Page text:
Bilateral Investment Treaties: History, Policy and Interpretation

90 Pages Posted: 5 Sep 2017 Last revised: 14 Sep 2017

Date Written: January 1, 2010

Abstract

These are Chapters Seven and Nine of Bilateral Investment Treaties: History, Policy, and Interpretation, published by Oxford University Press in 2010. The book analyzes the key provisions of bilateral investment treaties (BITs), explaining the structure and policy of each provision, tracing the provision’s origins and development, and synthesizing the arbitral awards that interpret it. The book also includes extensive discussion of the history and policy underlying international investment law and is the first book to offer a general theory of international investment law, arguing that investment treaties are based on six core principles – nondiscrimination, security, reasonableness, due process, transparency and access. These principles provide a basis for interpreting BIT provisions and understanding the relationship among them. The book covers the period from 1959, when Germany concluded its first bilateral investment treaty with Pakistan, through 2009, and thus provides a summary of the first 50 years of BIT programs worldwide.

Chapter Seven discusses the norm of nondiscrimination, which appears in provisions guaranteeing national treatment, most-favored-nation treatment, and fair and equitable treatment and prohibiting unreasonable or discriminatory measures that impair investment.

Chapter Nine discusses the economics of an open capital account and then analyzes several BIT provisions that address access to the host state’s economy: the establishment provision, the currency transfers provision, the performance requirements provision, the entry and sojourn provision, and the employment provision.

Bilateral Investment Treaties: History, Policy, and Interpretation is part of a trilogy of books on international investment agreements. U.S. International Investment Agreements, published by Oxford University Press in 2009, presents a comprehensive analysis of the first 30 years of the current U.S. investment treaty program, including both BITs and free trade agreements (FTAs) with investment chapters. It traces the evolution of each provision in the U.S. model BITs, explains the policies underlying those provisions, describes modifications to the provisions in the signed BITs and FTAs, and synthesizes the international arbitral awards interpreting the provisions. Appendices contain the text of each of the U.S. model BITs used as a basis for successful negotiations. The book covers the period from 1977, when the Carter administration approved the inauguration of a U.S. BIT program, to 2007. Chapters One (“Introduction”) and Three (“The Evolution of the BIT Model Negotiating Text”) of that book have been posted separately. The First Bilateral Investment Treaties: U.S. Postwar Friendship, Commerce, and Navigation Treaties, published by Oxford University Press in 2017, traces the history of the U.S. postwar friendship, commerce and navigation (FCN) treaty program, including the process by which a treaty series initiated in 1776 to address trade and maritime relations was reconceptualized in the late 1940s as a program of investment treaties. It also describes the origins and meaning of the investment provisions that appeared in these treaties, provisions that are the precursors to the provisions that appear in contemporary bilateral investment treaties (BITs) and free trade agreements (FTAs) with investment provisions. Chapters One (“Introduction”) and Five (“The FCN Treaties Become Investment Treaties”) of that book have been posted separately.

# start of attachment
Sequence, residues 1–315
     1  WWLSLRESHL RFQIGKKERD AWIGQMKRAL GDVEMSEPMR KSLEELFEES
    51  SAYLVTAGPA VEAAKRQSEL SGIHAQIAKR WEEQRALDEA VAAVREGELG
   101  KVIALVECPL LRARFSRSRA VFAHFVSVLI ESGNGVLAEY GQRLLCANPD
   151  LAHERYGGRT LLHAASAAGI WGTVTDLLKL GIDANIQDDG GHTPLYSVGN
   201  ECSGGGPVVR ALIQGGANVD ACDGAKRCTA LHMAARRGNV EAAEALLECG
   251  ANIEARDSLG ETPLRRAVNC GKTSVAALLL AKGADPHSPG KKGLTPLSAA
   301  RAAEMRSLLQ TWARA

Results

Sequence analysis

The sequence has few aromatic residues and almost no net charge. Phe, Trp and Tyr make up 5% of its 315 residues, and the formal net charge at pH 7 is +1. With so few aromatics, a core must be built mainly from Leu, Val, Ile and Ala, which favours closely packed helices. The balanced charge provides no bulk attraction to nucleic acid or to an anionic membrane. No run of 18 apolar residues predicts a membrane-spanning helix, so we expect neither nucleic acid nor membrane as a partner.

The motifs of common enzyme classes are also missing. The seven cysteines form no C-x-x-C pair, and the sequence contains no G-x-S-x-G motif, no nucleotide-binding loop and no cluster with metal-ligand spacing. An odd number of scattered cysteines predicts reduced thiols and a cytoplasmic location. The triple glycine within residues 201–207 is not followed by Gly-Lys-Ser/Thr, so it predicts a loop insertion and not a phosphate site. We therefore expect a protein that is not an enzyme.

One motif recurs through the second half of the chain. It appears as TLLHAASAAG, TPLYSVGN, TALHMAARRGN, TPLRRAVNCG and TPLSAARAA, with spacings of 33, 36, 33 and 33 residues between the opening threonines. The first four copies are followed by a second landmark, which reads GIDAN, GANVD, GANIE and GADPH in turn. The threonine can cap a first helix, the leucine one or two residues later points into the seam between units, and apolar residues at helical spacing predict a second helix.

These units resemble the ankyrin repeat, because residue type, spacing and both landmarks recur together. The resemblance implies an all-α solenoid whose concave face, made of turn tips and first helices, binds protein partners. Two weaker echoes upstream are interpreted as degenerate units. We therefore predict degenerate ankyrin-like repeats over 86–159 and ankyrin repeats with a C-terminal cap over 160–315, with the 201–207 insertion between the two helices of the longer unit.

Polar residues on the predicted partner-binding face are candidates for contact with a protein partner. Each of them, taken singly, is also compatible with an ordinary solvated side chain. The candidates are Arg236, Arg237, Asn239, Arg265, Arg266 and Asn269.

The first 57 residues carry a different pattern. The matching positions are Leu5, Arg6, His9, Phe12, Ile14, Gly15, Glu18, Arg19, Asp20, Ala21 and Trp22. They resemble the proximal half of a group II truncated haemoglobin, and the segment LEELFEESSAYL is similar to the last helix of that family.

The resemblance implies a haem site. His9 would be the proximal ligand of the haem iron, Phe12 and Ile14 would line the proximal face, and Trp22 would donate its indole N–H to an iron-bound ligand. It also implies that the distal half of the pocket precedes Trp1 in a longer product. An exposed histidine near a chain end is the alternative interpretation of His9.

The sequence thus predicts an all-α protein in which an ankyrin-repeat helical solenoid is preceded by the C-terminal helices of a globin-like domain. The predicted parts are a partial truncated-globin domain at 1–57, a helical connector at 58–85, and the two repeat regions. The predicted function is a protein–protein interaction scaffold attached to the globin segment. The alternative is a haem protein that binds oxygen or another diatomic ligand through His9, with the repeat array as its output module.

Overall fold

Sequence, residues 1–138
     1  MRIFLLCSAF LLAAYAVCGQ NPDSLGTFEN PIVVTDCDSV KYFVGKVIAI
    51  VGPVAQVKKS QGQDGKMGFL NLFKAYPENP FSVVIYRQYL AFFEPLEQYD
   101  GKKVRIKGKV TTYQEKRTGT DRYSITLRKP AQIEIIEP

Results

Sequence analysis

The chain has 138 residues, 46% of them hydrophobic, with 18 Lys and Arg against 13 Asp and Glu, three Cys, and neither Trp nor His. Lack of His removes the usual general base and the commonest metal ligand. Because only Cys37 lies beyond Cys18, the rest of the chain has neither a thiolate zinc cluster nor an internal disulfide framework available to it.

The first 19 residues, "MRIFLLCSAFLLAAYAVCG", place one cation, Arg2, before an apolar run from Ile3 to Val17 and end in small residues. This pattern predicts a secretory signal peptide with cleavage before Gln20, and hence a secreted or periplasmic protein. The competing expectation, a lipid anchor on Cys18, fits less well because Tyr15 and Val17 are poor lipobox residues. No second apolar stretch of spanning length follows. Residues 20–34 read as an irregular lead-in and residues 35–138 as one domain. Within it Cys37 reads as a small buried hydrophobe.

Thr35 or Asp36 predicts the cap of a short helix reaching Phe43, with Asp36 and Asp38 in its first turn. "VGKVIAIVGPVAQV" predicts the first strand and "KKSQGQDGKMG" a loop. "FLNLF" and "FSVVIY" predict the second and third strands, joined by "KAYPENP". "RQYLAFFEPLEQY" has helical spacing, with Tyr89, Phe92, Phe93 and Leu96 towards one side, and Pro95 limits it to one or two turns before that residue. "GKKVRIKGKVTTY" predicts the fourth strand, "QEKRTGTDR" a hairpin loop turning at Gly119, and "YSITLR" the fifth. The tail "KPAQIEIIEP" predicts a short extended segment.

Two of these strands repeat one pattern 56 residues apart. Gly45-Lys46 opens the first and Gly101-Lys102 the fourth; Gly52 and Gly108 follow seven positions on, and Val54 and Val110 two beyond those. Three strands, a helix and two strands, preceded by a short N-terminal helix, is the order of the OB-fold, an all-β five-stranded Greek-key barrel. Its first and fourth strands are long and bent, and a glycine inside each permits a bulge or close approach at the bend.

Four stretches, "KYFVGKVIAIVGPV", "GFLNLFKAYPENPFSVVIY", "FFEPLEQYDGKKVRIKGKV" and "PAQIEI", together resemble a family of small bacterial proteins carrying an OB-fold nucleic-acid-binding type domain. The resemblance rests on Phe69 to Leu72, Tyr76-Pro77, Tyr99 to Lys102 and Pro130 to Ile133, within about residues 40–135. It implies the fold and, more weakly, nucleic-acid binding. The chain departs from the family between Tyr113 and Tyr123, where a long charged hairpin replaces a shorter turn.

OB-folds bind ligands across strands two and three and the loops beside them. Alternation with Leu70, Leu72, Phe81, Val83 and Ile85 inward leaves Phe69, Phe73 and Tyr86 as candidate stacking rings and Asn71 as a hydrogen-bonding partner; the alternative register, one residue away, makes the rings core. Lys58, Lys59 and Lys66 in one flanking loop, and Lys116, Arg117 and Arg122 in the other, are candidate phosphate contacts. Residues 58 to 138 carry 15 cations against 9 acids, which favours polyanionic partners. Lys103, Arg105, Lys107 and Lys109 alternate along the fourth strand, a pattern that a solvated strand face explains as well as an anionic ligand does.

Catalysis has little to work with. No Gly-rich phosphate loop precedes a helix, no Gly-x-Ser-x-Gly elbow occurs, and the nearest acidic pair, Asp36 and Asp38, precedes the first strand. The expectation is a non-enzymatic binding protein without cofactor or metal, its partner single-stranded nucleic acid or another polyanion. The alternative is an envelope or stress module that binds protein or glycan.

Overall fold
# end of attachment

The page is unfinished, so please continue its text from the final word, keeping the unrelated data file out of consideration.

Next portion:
Keywords: bilateral investment treaty, model BIT, foreign investment policy, fair and equitable treatment, most favored nation treatment, nondiscrimination, establishment

JEL Classification: K33, P33, P45

Suggested Citation

Vandevelde, Kenneth J., Bilateral Investment Treaties: History, Policy and Interpretation (January 1, 2010). Thomas Jefferson School of Law Research Paper No. 3022249. Available at SSRN: https://ssrn.com/abstract=3022249

Kenneth J. Vandevelde (Contact Author)

Thomas Jefferson School of Law ( email )

701 B Street
Suite 110
San Diego, CA 92101
United States
619-961-4348 (Phone)

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